A couple of months ago I was at the parents meeting at my daughter’s high school. The principal and the staff were sharing information about the graduation activities, deadlines, dues, and such. Among other things there was a mentioning of “senioritis” epidemy that affects most seniors at the high school, and how we as parents should help our kids to fight the “disease”, stay the course, and stick it out in the last few months of school.
When I heard this term – “senioritis” I just could not help but smirked (inside). I kind of remembered my last months both at high school and college, and going through all those symptoms of decreased motivation and effort, difficulty to concentrate, etc. But giving it a pseudo-scientific name seemed to me a little too much. I also thought that by giving it this medical-sounding name, it was, in a way, normalized and justified in the eyes of the affected, as if it were something out of their control, like inadvertently catching a cold or other contagious disease.
I also thought that I had developed resistance to it, much in the same way as you don’t contract chickenpox again, once you have had it once. Little did I know that there is no resistance build up for this condition.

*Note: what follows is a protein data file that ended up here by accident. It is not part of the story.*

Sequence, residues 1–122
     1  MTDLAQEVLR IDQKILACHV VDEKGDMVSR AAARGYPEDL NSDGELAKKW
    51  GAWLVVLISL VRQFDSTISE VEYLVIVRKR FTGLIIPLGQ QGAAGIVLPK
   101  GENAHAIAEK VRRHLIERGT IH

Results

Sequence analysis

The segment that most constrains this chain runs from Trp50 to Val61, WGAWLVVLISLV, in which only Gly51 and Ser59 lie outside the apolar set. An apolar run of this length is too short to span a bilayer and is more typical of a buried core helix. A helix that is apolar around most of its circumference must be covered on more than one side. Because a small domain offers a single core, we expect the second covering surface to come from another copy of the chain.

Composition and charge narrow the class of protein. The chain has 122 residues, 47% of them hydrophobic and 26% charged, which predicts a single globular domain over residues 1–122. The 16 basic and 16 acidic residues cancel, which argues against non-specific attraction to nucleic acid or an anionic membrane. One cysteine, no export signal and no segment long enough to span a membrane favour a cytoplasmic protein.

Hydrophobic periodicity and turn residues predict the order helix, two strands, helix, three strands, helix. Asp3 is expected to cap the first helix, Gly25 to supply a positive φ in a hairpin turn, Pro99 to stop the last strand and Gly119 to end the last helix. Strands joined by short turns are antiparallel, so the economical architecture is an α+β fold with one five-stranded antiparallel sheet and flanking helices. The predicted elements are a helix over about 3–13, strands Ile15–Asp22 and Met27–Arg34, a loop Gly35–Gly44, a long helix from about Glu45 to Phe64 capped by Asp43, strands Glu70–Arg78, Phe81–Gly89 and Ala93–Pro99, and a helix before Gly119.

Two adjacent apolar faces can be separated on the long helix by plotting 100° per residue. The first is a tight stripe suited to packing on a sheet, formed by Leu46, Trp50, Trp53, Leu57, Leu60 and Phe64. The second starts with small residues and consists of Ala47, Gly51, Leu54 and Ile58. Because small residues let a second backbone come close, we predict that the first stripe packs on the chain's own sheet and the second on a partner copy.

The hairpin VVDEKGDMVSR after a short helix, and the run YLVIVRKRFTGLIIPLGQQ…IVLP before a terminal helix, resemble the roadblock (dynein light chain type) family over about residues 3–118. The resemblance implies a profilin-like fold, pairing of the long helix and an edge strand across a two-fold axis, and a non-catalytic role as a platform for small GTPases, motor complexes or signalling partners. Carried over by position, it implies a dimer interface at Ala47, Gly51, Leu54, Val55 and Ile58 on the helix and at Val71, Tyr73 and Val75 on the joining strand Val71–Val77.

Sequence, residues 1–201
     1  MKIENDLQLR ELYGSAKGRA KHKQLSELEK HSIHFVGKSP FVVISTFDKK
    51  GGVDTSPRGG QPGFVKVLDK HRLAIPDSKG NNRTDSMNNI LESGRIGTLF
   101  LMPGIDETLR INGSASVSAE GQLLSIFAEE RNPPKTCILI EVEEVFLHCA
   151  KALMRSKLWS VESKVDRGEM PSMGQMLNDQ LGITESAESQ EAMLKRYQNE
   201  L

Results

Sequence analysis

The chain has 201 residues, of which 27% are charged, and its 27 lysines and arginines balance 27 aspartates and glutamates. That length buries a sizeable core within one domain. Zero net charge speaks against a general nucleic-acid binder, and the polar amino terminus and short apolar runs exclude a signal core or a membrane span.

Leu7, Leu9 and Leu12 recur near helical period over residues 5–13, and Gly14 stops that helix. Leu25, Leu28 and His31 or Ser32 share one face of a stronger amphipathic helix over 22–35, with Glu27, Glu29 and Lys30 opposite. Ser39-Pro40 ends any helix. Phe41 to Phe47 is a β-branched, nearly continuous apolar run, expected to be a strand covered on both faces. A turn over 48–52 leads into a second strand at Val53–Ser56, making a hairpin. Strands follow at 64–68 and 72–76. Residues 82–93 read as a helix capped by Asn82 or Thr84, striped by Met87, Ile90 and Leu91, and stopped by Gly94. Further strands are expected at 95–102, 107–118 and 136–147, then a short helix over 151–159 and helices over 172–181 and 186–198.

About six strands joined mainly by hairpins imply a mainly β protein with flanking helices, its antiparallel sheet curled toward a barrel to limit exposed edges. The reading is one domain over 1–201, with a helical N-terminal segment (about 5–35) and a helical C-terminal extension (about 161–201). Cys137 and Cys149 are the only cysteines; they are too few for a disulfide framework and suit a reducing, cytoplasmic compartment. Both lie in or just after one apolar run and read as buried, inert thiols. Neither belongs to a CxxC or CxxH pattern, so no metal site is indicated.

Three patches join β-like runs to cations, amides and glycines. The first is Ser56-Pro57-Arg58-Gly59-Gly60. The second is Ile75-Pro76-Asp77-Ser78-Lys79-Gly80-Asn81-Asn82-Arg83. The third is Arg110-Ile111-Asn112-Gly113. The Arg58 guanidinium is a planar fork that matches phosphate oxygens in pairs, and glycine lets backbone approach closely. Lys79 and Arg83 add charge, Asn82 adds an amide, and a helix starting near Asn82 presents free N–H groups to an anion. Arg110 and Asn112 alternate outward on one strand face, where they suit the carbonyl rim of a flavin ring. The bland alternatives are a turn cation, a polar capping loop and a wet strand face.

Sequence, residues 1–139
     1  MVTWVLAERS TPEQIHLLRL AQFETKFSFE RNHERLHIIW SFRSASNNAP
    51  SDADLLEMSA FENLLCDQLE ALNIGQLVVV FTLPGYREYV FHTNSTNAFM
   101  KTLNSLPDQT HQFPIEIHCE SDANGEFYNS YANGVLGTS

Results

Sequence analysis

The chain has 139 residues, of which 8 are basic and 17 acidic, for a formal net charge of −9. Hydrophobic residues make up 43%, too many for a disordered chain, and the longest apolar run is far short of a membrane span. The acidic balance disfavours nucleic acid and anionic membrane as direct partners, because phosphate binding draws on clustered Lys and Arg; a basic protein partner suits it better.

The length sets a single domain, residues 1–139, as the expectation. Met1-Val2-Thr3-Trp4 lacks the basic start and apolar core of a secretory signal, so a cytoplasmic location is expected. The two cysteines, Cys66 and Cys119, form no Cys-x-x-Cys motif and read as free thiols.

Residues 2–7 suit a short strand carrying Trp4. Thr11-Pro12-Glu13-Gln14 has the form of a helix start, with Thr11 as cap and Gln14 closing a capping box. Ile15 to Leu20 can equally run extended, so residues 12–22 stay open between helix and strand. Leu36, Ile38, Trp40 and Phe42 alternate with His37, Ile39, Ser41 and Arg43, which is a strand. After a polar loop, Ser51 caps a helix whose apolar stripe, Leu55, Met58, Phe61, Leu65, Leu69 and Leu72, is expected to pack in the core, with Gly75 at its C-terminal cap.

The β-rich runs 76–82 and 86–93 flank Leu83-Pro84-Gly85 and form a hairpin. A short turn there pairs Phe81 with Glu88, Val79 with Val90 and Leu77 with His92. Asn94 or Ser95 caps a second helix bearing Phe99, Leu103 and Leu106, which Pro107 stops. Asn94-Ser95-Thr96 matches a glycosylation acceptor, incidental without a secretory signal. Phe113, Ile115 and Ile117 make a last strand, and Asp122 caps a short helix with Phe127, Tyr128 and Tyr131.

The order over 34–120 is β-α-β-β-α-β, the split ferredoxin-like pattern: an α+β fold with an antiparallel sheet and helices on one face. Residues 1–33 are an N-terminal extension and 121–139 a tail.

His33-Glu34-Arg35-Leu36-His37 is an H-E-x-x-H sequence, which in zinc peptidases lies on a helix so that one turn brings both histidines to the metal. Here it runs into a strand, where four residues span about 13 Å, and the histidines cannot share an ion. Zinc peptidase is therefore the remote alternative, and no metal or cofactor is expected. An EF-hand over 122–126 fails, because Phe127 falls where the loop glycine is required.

On the first day of classes of my second Spring module, and final MBA module for me, I met one of my classmates sitting on the porch in front of the Business School entrance. He looked, and talked, and otherwise acted in a very relaxed, laid-back, nonchalant way. He informed me right away how many days are left to the end of the school – he is also graduating in May like myself.
This was when I saw the first signs of this particular MBA strain of senioritis disease creeping on the campus of GWSB. In the following couple of weeks I noticed that I have developed some of the symptoms as well. I still have three more weeks of classes to go and quite a few deliverables to complete. But the whole attitude has changed – I am no longer as much concerned about the difference between a ‘B’ and an ‘A’ in any of the classes, as I used to be. I will do my nominal work to get by, but would rather not put an extra effort. As I mentioned someplace before in the blog, they call it a B-School for a reason.
And now that senioritis is legitimized through getting this pseudo-medical name, I can blame it on the epidemy, – not my fault, just happened to contract it from another sick graduate By the way, lack of motivation to post on this blog is yet another symptom of the disease.